How to Sous Vide Salmon
If you’re a home chef who favors flavor, we’re betting you know all about sous vide precision cooking. The sous vide method has risen in popularity as a new member of the low-and-slow family, circulating hot water to evenly cook food over the course of a few hours, or even a day.
The downside to sous vide, however, is that cooks typically vacuum seal their turkey breast or New York steak in a single-use plastic bag before submerging it in its water bath. While the bag is what locks in all the flavors and juices, making sous vide known for tender and tasty meals, we’re not fans of the plastic pollution that piles up.
Thankfully, Stasher bags have a leak-free seal and are fully submersible, making them perfect for sous vide cooking – and no fancy equipment is required, either. Stasher bags are made of platinum food-grade silicone and are endlessly reusable, making it safer for your health and a helpful way to reduce single-use plastic waste.
So without further adieu, we’d like to share our favorite sous vide recipe: flaky, buttery sous vide salmon, the Stasher way! Find the details below.
What do you need to sous vide salmon?
The great part about the sous vide cooking method (besides the extra tasty food it makes) is that you don’t actually need fancy equipment like an immersion circulator or vacuum sealer. So long as you have a large cooking pot, a digital thermometer, and a large Stasher bag or two, you’re set.
Our Sous Vide Salmon Recipe
Prep time: 10 minutes
Cook time: 30-90 minutes
Sous Vide Salmon Ingredients:
- 1 10-ounce whole wild-caught sockeye salmon fillet
- 1 lemon, sliced
- 2 rosemary sprigs
- Olive oil or butter
- ¼ cup kosher salt
- Salt & Pepper to season
- First, brine your salmon to season and prevent it from overcooking. This also prevents albumen (A.K.A., the white stuff) from bubbling out of the salmon. Whisk ¼ cup kosher salt into one quart of ice water until dissolved. Add the salt water mixture and salmon into a Stasher Stand-Up Mega Bag or Half Gallon Bag and refrigerate for 30 minutes (or up to one hour).
- For fresh salmon, set your sous vide machine to 120°F – the preferred temperature for most chefs – and let the water pre-heat. (If you’re using a digital thermometer in a large pot of water, then slowly raise the temperature on the stove until your thermometer reads a steady 120°F.) For frozen salmon fillets, set the temperature to 130°F.
- When the water is ready, remove the salmon fillet from the brine and rinse both the fillet and the bag with cold water. Pat dry and place it back into your Stasher bag with your marinade of choice. We keep it simple with two tablespoons of olive oil or butter, lemon slices, a sprig of your favorite aromatic herbs (we love rosemary or thyme), and a pinch of pepper. Don’t worry about taking the skin off yet – it’s a lot easier to do after the salmon is cooked, and you may want to keep the skin on if you plan to pan-sear your salmon after the water bath.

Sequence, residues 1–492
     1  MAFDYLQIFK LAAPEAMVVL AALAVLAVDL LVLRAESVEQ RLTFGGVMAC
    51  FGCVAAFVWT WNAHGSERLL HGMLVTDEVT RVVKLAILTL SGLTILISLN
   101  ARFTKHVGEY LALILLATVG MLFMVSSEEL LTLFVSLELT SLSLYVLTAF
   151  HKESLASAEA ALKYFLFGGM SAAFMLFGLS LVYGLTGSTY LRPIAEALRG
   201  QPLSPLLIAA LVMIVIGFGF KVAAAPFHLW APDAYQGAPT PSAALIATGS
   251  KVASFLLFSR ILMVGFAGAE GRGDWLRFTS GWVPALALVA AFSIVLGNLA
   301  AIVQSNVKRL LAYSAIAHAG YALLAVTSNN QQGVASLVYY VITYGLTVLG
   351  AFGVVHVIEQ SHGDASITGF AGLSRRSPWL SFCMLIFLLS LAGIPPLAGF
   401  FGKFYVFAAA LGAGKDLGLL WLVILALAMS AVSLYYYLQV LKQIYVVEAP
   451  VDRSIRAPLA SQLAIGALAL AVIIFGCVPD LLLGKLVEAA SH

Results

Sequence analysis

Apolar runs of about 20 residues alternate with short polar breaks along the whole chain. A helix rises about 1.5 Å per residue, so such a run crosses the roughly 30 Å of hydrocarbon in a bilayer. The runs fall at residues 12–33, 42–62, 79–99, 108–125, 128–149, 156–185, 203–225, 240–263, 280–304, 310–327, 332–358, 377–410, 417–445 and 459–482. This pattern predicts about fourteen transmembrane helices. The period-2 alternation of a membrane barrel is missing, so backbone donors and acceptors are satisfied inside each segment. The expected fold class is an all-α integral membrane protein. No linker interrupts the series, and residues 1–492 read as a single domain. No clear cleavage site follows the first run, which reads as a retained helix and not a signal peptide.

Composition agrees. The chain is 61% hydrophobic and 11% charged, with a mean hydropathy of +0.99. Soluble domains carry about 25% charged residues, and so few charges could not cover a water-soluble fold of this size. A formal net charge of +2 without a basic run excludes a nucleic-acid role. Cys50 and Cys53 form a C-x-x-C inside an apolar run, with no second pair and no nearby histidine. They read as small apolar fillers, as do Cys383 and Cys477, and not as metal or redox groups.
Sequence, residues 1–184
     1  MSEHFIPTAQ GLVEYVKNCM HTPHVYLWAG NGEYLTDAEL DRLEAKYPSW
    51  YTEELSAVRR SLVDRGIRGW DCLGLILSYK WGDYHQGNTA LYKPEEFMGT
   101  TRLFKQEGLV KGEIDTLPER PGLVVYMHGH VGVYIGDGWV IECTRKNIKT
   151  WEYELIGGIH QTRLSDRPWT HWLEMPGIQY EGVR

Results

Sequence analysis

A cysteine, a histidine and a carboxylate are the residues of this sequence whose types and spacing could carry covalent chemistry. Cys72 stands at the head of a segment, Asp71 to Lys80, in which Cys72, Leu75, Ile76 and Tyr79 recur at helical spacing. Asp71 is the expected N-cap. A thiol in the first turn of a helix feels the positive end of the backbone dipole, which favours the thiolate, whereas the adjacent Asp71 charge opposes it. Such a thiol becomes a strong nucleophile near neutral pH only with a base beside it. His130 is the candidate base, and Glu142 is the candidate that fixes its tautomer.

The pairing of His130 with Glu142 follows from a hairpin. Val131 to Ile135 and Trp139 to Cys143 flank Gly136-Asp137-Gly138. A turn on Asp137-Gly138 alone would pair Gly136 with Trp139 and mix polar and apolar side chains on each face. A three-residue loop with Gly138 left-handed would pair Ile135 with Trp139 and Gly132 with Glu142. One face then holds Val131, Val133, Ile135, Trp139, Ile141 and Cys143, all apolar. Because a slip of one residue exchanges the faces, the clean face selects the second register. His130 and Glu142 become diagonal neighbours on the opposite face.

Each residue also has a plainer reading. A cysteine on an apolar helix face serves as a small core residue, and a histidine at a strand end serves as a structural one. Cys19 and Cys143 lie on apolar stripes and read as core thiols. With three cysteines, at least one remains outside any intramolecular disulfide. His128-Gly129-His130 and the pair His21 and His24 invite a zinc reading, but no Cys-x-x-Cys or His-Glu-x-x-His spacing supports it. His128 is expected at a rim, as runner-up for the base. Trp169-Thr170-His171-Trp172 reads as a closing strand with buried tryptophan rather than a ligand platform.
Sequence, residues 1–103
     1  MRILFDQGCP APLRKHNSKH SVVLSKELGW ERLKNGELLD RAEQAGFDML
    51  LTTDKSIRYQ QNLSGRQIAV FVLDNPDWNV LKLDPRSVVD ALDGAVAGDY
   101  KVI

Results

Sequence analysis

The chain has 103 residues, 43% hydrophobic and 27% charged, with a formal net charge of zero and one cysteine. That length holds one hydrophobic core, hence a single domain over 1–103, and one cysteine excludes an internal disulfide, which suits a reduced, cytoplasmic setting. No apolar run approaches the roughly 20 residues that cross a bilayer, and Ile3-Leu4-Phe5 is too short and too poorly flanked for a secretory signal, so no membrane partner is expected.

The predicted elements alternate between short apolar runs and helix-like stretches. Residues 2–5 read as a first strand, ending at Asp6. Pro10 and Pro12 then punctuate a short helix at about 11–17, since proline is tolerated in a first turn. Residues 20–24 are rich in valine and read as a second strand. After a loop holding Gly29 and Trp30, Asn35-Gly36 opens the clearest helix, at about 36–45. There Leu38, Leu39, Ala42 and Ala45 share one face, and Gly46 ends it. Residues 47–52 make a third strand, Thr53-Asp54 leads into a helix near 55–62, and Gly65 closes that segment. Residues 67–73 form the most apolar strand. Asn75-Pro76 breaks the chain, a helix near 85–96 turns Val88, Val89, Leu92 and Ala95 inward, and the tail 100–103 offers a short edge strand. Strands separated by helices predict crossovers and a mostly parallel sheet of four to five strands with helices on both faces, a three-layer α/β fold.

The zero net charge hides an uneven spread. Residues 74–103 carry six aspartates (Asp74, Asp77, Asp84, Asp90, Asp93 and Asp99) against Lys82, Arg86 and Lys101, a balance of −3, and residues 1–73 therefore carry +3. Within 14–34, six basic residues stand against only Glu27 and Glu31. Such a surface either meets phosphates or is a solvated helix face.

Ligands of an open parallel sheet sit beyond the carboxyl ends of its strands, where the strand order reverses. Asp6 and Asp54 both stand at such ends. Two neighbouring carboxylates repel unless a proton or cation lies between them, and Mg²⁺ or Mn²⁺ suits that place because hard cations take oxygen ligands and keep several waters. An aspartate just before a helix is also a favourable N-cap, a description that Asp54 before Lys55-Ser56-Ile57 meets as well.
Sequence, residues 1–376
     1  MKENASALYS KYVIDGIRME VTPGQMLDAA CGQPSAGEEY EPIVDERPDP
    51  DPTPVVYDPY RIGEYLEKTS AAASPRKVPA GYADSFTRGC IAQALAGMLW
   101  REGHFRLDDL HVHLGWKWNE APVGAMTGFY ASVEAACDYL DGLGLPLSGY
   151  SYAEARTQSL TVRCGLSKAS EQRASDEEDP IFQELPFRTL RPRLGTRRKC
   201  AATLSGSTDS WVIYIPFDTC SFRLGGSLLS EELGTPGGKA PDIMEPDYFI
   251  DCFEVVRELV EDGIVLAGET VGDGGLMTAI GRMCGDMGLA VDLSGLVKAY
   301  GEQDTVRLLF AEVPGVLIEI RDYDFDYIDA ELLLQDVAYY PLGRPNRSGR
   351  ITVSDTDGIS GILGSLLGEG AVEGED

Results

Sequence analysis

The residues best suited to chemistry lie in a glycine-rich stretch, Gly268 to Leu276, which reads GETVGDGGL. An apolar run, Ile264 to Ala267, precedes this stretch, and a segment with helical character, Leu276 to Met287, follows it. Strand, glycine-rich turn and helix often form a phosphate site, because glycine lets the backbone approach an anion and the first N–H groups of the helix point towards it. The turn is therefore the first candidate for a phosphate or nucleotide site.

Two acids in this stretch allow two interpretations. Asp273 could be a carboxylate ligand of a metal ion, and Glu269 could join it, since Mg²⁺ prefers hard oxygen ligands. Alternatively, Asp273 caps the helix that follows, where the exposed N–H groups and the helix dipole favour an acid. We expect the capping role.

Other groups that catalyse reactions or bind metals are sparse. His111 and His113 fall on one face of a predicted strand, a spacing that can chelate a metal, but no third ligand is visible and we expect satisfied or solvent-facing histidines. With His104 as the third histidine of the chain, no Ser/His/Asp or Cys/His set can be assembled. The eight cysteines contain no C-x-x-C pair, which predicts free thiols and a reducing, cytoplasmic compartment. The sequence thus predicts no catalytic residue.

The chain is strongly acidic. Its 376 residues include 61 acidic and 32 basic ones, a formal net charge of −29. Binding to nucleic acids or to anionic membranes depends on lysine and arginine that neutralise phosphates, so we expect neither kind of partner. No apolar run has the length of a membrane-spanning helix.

- Next, use the water displacement method as a vacuum sealer to remove air from the Stasher bag. Seal it part of the way, and then slowly lower it into the hot water bath – as you do, the water slowly forces the air out of the bag, creating a vacuum seal. Once the water level reaches almost to the top seam of the bag (don’t let any water into the bag!), close off the bag entirely. Use clips or silicone weights to keep the bag submerged in the water if necessary.
- For fresh salmon, cook for 30-45 minutes for thin fillets and 1 hour for thicker ones. Frozen salmon needs a little more cook time, so plan for it to spend about 1.5 hours in the water bath.
- Once the cook time is up, remove the Stasher bag with salmon from the water and carefully remove the fillet – it will be extremely delicate! Slide the skin off (or keep it on if you plan to pan-sear the fillets) and gently pat the fillets with a paper towel or clean cloth “paper” towel. If you’re serving the salmon cold, you can transfer the bag directly from the sous vide bath to an ice-water bath until chilled. Otherwise, once the skin is removed, your salmon is ready to be served as is.
Lemon-Dill Creme Fraiche (Optional)
For extra delicious salmon, try this quick lemon-dill creme fraiche – and save a little fresh dill for garnish, too.
- 1 cup creme fraiche, sour cream or Greek yogurt
- Zest and juice of 1 lemon
- ¼ cup fresh dill, loosely chopped
- Whisk together all ingredients (or give them a vigorous shake in a 2-Cup Stasher Bowl for minimal dirty dishes) and serve atop your sous vide salmon. Leftover sauce can be refrigerated in the same Stasher bowl for up to two days.
Serving Sous Vide Salmon
Now it’s time to serve! There are lots of ways to enjoy salmon, so it’s really up to personal preference: chill it (cold salmon flakes easily and can be sliced with salads), sear it skin-side down at high heat in a cast iron or non-stick skillet, or serve it as is from the water bath with a quick pat of a paper towel and a squeeze of lemon juice. Since salmon is such a classic, it doesn’t need to be overcomplicated to be delicious. Serve with your favorite sides, like roasted potatoes and asparagus, salad and rice, etc.
If you haven’t tried your hand at sous vide cooking before, salmon is a great place to start. And with leak-free, food-safe, endlessly reusable Stasher bags on your side, we know that salmon won’t be your last foray into the world of sous vide cooking, either.